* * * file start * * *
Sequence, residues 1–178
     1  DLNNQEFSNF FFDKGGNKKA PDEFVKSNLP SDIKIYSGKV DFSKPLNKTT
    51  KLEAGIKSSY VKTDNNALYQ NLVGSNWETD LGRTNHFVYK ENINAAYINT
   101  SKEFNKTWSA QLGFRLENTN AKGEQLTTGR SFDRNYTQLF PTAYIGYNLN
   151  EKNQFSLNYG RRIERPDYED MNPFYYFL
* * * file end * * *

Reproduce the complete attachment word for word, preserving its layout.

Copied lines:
Sequence, residues 1–178
     1  DLNNQEFSNF FFDKGGNKKA PDEFVKSNLP SDIKIYSGKV DFSKPLNKTT
    51  KLEAGIKSSY VKTDNNALYQ NLVGSNWETD LGRTNHFVYK ENINAAYINT
   101  SKEFNKTWSA QLGFRLENTN AKGEQLTTGR SFDRNYTQLF PTAYIGYNLN
   151  EKNQFSLNYG RRIERPDYED MNPFYYFL